Fri, 11/21/2014 04:10 PM Injured 2 of 7 at football game  0.0  Tampa FL 
  in parking lot near struck vehicle    Critical,Football,Indirect,Outside,Parking Lot,Stadium 
TAMPA  Two of the seven people injured by a lightning strike after Sunday's Buccaneers game remain hospitalized, one in critical condition and the other with non-life threatening injuries, officials said Monday. RELATED NEWS/ARCHIVE Lightning strike injures several after Bucs game at Raymond James Stadium 23 Hours Ago Man killed at Seminole construction site after apparent lightning strike 7 Months Ago The skinny: Ultrarunner places 3rd place after lightning strike 5 Months Ago All of the victims were taken to St. Joseph's Hospital in Tampa after lightning struck an SUV in parking lot 14 of Raymond James Stadium, Tampa Fire Rescue said. Five were treated and released Sunday night, St. Joseph's Hospital spokeswoman Nancy Gay said. One is in critical condition and the other has non-life threatening injuries. The ages of the patients range from the early 20s to a man in his in 70s. Tampa Fire Rescue released recordings Monday from five different 911 calls reporting the strike. Bystanders described a scene in which anywhere from two to six people were laying on the ground after a bolt of lightning tore through the sky. "They're not getting back up off the ground," one woman told operators. Callers were cautioned not to touch any of the patients, but were asked to check if they were awake, alert and breathing normally. "There's four people down and some of them are bleeding from the lightning," one woman said in another call. "They're awake and breathing and talking to their family members." The first 911 call was received at 4:11 p.m., around the conclusion of the game. Lot 14 is at the corner of Himes Avenue and Dr. Martin Luther King Jr. Boulevard. Contact Caitlin Johnston at or (813) 661-2443. Follow @cljohnst.
Fri, 11/21/2014 04:10 AM Injured 1 of 7 at football game  0.0  Tampa FL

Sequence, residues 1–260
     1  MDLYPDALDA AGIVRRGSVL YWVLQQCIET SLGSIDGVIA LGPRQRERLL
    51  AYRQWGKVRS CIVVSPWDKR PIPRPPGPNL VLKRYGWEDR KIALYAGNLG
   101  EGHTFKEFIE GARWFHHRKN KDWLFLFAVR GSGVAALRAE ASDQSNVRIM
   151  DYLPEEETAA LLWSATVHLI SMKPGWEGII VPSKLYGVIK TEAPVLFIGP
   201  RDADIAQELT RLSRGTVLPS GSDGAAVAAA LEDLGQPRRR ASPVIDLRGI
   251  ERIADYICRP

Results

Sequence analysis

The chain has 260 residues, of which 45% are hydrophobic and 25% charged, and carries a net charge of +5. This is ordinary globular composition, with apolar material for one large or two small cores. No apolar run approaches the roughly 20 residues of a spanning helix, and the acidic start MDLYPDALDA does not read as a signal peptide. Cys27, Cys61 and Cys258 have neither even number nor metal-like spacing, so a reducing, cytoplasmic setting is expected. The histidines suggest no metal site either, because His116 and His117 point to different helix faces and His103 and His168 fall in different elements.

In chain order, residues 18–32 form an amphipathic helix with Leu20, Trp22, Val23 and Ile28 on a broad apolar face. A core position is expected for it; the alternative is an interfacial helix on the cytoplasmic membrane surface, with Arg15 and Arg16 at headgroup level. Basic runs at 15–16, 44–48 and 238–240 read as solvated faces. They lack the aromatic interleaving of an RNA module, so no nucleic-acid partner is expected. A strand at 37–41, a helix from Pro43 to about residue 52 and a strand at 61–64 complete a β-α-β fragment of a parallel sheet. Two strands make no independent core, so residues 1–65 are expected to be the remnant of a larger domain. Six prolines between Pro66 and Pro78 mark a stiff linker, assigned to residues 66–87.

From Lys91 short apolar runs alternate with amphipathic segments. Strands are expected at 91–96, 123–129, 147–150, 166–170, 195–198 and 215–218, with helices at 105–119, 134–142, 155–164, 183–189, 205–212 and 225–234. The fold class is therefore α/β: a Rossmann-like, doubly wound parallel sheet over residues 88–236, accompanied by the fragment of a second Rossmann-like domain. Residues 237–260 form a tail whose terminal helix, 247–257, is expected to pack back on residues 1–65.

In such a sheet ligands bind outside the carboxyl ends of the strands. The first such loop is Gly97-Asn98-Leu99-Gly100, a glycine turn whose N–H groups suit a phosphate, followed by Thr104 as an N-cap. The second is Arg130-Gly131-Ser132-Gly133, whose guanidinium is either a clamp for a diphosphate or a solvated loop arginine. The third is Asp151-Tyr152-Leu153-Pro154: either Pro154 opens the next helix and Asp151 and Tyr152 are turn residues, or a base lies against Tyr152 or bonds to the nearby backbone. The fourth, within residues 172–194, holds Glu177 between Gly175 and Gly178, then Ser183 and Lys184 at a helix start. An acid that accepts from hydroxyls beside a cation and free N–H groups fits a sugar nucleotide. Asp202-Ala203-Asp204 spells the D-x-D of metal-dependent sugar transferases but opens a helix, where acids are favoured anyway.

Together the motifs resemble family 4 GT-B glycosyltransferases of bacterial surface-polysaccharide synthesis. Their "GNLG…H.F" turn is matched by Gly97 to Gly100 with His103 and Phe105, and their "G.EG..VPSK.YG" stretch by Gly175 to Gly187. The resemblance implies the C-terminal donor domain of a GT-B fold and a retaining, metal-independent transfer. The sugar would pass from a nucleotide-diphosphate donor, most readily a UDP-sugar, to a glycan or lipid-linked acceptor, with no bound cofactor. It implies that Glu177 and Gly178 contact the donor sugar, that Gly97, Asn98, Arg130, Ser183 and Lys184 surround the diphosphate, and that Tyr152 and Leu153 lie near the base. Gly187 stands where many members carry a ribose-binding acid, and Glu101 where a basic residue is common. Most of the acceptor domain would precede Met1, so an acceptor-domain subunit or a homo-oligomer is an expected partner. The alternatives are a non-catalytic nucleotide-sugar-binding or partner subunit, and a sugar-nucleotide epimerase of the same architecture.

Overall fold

in parking lot near struck vehicle    Football,Indirect,Near Struck Vehicle,Outside,Parking Lot,Stadium 
Seven people were taken to the hospital Sunday after a lightning strike in a stadium parking lot after an NFL game in Tampa, Florida, authorities said. The strike happened at about 4:10 p.m. ET in the parking lot at Raymond James Stadium after the Buccaneers lost to the Green Bay Packers 20-3. At least four or five other people received treatment at the scene but were not hospitalized, said Jason Penny, a spokesman for the Tampa Fire Department. Image: Scene of the Tampa Bay lightning strike BRIAN BLANCO / AP Tampa Police Officers talk to spectators after football fans were reportedly taken to the hospital with injuries after a lightning strike near the Raymond James Stadium, Sunday, Dec. 21.
Tue, 10/28/2014 12:00 PM Killed Jerry Harris  0.0  Yell county AR 
  leaning against a tree  N/A  Ground Strike,Outside,Tree 
Thu, 10/23/2014 06:00 PM Injured coach  0.0  Federal Way WA 
  at track meet    Ground Strike,Outside,School,Sports Field,Tree 
FEDERAL WAY, Wash.  A middle school teacher at a cross-country meet in Federal Ways Celebration Park was struck by lightning Thursday. It was raining pretty good and we were getting ready to start our third and final race and a huge lightning strike hit, and one of our spectators, who happens to be a teacher and coach at one of our middle schools, was struck, Jerry Krueger, a coach at Kilo Middle School, said. The teacher, who was struck in the hand, was shaken up and disoriented, but paramedics checked him out and he was OK, Krueger said. He was standing with a group of kids at the time he was struck by lightning.
Sun, 10/12/2014 12:00 PM Injured boy in deer stand  0.0  Angelina county TX 
  hunting in deer stand    Outside,Tree,Tree House